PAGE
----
Behind the Scenes with Ooligan Press at the Portland Book Festival

The Portland Book Festival, formerly known as Wordstock, is Oregon’s biggest literary event of the year, featuring panels, vendors, speakers, and lots and lots of books. Every November, the day-long event attracts authors and publishers from near and far, and last fall, Ooligan Press was proud to be included yet again. The festival drew its biggest crowd yet, with authors such as Elizabeth Acevedo, Lauren Groff, Tommy Orange, and Emily Suvada, and featured celebs-turned-authors Tom Hanks (who held a baby on stage at the Schnitz!) and Abbi Jacobson of Broad Cityfame.

In preparation for Ooligan’s role at the festival, the publisher’s assistants (myself and co-assistant, Stephanie Anderson) are responsible for finding and training volunteers from our press to oversee our vendor booth. We then work closely with our publisher to make sure all the books and supplies we’ll need are packed and ready. The day before the event, we set up in the Mark Building at the Portland Art Museum, where the vendors are located. Each vendor is given a specific time slot for setting up to streamline the process and keep things from getting hectic. It’s strange to see how empty the second floor ballroom is before the event. It’s a far cry from what it’ll look like the next day, when the room fills up with vendors and festival-goers. This year, we had a prime spot—a corner end cap right across from Powell’s Books massive set-up.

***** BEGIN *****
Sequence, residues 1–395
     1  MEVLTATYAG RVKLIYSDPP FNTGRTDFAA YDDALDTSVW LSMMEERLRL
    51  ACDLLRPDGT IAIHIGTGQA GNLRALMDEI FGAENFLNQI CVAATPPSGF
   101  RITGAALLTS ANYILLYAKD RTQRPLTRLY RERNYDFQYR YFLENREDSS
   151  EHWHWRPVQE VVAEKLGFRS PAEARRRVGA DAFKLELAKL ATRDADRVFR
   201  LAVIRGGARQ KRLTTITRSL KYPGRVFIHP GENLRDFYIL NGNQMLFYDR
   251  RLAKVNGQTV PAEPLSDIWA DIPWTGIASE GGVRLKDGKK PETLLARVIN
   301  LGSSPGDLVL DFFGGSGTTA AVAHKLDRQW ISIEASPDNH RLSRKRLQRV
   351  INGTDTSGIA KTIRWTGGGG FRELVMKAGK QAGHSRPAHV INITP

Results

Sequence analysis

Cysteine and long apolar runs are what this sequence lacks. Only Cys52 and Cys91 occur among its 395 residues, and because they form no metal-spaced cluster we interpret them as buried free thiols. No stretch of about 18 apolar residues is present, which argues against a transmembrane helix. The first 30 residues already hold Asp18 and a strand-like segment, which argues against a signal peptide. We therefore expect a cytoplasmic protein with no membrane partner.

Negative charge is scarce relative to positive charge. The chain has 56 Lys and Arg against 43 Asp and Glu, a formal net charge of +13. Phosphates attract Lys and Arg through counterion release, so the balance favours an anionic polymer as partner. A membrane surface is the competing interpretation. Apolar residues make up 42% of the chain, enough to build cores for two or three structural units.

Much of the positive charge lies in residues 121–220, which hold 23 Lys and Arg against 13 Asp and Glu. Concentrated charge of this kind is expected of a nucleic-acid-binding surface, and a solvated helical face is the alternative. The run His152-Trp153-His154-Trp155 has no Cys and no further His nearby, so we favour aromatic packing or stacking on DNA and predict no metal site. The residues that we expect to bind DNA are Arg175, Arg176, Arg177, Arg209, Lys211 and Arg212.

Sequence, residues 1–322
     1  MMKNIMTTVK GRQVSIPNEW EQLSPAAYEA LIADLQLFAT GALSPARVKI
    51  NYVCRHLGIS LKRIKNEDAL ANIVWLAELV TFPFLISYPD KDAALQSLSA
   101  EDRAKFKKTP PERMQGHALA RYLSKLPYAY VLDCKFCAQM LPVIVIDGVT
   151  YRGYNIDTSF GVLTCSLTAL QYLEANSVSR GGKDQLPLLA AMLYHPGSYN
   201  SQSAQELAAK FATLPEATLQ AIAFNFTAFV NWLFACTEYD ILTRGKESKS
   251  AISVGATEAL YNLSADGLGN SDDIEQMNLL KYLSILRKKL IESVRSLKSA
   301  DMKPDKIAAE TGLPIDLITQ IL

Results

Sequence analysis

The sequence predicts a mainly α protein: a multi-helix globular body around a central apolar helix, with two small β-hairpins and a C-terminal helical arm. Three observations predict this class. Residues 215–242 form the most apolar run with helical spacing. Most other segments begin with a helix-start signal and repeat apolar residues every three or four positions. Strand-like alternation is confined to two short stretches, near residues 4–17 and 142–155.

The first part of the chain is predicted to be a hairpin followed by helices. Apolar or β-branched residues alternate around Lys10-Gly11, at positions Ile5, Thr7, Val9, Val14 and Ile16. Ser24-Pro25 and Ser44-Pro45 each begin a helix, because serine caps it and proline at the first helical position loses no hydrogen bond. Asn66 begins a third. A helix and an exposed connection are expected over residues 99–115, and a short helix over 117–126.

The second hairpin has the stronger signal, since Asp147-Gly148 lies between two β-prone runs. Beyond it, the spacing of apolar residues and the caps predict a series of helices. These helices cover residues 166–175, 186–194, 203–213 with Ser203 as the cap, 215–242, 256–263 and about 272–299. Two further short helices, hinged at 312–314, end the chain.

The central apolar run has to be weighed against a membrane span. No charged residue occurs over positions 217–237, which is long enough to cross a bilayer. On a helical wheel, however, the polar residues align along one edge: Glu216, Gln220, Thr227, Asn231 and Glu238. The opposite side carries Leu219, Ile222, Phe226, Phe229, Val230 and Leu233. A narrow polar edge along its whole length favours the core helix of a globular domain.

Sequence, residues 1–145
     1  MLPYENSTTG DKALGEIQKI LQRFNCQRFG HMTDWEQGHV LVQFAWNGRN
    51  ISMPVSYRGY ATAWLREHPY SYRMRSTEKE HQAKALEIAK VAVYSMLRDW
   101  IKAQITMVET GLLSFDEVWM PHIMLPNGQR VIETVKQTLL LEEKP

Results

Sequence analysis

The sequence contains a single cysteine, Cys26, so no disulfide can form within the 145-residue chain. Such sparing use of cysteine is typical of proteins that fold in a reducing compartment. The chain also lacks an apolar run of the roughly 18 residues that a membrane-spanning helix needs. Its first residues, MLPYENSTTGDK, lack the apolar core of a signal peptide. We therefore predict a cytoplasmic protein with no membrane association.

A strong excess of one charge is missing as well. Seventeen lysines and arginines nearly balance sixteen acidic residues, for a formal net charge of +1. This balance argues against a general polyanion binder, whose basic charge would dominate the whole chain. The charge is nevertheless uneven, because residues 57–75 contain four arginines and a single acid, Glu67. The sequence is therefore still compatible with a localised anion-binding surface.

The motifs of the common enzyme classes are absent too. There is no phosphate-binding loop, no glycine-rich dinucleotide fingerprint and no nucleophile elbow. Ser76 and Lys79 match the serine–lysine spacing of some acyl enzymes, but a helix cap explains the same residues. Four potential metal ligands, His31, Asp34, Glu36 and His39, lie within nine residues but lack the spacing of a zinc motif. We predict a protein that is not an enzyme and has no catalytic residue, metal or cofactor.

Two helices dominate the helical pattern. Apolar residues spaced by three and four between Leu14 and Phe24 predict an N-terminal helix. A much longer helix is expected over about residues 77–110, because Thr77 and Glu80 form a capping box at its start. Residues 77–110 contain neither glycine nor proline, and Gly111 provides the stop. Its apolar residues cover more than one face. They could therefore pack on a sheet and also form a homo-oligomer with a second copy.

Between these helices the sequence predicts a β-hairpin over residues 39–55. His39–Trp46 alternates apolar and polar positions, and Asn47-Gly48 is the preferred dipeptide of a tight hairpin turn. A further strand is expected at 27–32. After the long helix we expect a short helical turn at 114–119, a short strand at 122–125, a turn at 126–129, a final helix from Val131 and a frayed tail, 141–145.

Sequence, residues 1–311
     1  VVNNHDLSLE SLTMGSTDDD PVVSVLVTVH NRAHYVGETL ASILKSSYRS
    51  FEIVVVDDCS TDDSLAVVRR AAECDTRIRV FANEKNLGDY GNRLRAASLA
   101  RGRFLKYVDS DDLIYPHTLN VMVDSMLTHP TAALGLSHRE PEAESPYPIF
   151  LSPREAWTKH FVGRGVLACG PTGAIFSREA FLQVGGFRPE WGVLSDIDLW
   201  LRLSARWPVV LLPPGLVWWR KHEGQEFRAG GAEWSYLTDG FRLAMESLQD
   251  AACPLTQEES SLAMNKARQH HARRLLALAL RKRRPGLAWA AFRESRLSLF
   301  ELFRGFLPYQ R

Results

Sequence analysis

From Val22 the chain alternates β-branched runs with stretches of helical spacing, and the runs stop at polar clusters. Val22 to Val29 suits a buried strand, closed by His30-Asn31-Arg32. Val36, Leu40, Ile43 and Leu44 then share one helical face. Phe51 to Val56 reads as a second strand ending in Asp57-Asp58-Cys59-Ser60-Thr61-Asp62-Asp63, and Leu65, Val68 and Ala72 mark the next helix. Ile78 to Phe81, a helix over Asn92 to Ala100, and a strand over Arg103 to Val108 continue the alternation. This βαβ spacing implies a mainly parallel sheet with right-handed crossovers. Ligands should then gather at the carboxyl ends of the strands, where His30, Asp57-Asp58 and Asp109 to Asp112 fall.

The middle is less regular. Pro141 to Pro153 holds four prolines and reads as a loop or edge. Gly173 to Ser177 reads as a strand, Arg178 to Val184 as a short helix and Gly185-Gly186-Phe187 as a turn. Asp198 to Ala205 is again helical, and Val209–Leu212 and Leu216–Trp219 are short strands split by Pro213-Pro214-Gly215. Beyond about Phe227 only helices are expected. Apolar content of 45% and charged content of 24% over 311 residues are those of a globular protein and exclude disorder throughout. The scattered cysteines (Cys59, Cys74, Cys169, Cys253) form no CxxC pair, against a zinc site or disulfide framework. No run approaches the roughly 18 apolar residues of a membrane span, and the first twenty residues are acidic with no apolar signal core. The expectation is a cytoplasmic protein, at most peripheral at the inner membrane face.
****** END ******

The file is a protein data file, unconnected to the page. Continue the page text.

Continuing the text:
No other literary event in Portland draws as many readers, writers, and publishing professionals as the Portland Book Festival, which is why it’s one of the most important promotional and networking opportunities for Ooligan. It’s a chance to discuss our frontlist and backlist with potential readers while both are on display, and it’s also a great time for selling books. This year, two of our YA authors joined us at the booth to sign books—Meagan Macvie, who wrote the Kirkus-approved The Ocean in My Ears, and Connie King Leonard, whose Sleeping in My Jeans recently pubbed to great acclaim.